Hu Jintao's rise to power in China and style of politics suggests he's not a liberal or conservative but a pragmatist.
When President Hu Jintao arrived in Washington this week to attend the Nuclear Security Summit, it was his second visit to the United States. To many in this country, Mr. Hu is still a mystery.
In fact, many in China still haven't figured him out eight years after he has taken power: Has Hu really commanded the political power to rule according to his own will? Is he a true conservative or a closet liberal?
As for the first question, one has to go back a little in history. Since the Communist takeover in China in 1949, the road to the paramount position in China used to be paved with land mines.
Nearly all of the designated successors to the nation's highest post lost their lives to persecution or were detained under house arrest. When Hu became general secretary of the Communist Party of China in 2002, Deng Xiaoping, his mentor who had designated and groomed him for years, had been long gone. So had most of the veteran revolutionaries.
The person at the helm of the country was Jiang Zemin, who had been plucked from obscurity after the Communist old guards brutally cracked down on the pro-democracy student movement of 1989. With his political and media savvy, Mr. Jiang had smartly consolidated his power base during his reign.
At the time of his retirement, his followers even proposed creating a national security committee to institutionalize Jiang's paramount position. In the end, Jiang reluctantly jettisoned the idea. He understood clearly that the Chinese people, including the 70 million Communist Party members, had long detested the bloody power struggles. People could no longer accept leaders with lifelong tenures. If Jiang dared to go against the current, the gigantic ship of the Communist Party, rotten and riddled with holes, would face the danger of being capsized.
Since Jiang's retirement, his name has never failed to appear at the top, right beneath Hu, at important events such as the opening ceremonies of the Olympic Games in 2008 and the 2009 review of troops on the 60th anniversary of Communist China's founding. Insiders know the name order is not merely ceremonial. There used to be a popular saying: "Deng Xiaoping's power was felt by his mysterious absence but Jiang Zemin reveals his power by his constant presence."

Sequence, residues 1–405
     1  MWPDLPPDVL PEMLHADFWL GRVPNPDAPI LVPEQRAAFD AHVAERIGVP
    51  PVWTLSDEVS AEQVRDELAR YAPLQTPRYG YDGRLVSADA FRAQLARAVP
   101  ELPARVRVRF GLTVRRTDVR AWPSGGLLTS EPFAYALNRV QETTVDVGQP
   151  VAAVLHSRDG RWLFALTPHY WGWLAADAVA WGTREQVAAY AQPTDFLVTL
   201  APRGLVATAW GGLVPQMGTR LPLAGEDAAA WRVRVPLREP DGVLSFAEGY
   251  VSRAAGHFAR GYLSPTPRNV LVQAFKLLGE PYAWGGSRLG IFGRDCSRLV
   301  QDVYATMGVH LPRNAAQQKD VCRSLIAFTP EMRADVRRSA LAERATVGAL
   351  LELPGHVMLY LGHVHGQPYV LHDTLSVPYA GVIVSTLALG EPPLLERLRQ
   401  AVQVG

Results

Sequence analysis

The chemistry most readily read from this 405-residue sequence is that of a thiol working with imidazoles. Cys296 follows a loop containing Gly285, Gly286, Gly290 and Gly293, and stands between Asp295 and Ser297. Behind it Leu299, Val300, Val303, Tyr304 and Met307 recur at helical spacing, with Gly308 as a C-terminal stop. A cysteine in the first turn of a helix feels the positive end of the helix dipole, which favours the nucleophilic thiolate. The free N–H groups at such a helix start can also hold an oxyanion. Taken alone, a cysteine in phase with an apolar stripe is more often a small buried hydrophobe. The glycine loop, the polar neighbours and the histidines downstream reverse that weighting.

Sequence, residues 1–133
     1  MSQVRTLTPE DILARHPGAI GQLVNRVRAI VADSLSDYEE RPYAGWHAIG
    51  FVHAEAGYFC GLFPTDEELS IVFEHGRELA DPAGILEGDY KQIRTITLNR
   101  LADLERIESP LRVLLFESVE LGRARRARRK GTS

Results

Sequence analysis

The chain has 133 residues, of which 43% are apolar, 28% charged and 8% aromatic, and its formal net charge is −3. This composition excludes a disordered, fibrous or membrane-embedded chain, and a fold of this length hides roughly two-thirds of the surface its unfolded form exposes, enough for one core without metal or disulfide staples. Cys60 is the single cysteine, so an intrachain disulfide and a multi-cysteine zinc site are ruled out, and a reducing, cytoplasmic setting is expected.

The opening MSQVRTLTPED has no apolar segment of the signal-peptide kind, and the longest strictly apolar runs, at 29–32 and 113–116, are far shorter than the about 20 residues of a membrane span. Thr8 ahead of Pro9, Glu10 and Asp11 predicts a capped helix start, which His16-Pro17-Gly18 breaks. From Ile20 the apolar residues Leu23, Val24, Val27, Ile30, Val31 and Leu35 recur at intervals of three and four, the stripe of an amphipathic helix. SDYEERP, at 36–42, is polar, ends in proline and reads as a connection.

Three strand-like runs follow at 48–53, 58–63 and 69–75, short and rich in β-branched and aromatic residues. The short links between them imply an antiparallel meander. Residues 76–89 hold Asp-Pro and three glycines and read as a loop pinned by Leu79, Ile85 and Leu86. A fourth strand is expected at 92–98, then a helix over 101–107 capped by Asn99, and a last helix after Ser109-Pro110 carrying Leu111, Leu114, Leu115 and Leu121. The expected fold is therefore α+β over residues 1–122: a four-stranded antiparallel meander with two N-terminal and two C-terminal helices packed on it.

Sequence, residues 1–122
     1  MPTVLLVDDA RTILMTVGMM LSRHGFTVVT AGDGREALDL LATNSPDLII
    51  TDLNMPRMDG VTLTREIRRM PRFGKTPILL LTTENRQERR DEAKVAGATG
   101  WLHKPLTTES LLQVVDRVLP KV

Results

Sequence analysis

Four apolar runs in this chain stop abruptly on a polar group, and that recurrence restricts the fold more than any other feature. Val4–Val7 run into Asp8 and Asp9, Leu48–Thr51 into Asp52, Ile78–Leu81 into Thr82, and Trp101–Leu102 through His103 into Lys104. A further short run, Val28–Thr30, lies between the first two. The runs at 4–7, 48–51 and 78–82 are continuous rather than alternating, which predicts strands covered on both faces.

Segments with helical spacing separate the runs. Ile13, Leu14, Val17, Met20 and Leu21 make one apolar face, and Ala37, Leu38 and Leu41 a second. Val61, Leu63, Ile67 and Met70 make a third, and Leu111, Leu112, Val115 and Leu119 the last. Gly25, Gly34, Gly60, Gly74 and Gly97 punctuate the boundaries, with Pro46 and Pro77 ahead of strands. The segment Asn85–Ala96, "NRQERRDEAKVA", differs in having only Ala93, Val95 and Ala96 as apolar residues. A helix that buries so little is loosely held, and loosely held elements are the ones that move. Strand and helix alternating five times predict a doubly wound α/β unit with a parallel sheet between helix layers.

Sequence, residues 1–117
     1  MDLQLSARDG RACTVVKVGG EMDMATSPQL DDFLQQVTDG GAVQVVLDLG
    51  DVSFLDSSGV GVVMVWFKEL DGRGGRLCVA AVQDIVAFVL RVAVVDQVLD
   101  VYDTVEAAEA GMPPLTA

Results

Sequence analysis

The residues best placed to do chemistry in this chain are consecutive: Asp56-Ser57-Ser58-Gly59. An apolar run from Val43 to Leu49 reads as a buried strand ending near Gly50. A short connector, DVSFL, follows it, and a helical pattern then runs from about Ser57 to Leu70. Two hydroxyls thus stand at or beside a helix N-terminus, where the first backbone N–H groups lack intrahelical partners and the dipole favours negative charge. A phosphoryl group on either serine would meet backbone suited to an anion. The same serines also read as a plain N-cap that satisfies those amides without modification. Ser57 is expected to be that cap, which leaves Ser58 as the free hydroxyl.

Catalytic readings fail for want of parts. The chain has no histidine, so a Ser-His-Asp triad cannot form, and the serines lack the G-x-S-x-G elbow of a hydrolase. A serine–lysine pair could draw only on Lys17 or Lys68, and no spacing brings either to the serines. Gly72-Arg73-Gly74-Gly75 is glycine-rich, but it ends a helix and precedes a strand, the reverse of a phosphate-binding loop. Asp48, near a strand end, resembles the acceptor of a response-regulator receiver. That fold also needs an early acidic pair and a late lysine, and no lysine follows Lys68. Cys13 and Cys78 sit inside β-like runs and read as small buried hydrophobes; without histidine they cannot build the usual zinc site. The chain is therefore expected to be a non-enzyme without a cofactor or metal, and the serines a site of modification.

During Hu's first four years in office, many speculated that he consulted with Jiang on all major policy initiatives, including personnel changes.
In other words, this is all part of the deal to which Hu had to consent during the power transfer. Hu had no choice. As general secretary of the Communist Party and chairman of the Military Commission, Hu has hardly any control over the military.
The day-to-day military affairs are being run by Jiang's loyalists. Hu has shown no interest in cultivating relationships with senior military officers. It was different with Jiang, who always found time to socialize with military commanders and would personally meet and talk with every newly decorated major. He had no combat experiences, but adroitly mobilized the Army to support earthquake- or flood-relief efforts.
Hu possesses no such talent. During the Wenchuan earthquake in May 2008, when Army rescuers refused to take orders, Hu's ally, Premier Wen Jiabao, could only bark helplessly. Hu simply lacked the credibility.
Throughout history, the Chinese leadership has never allowed generals to take over state affairs. However, when different factions jockey fiercely for power, the support of the military is crucial. Without the backing of the military, the party head has to take every step cautiously and humbly.
Hu has drawn lessons from his predecessors, former party General Secretaries Hu Yaobang and Zhao Ziyang. Mr. Yaobang was known for his courageous efforts to reform the Chinese political systems and Mr. …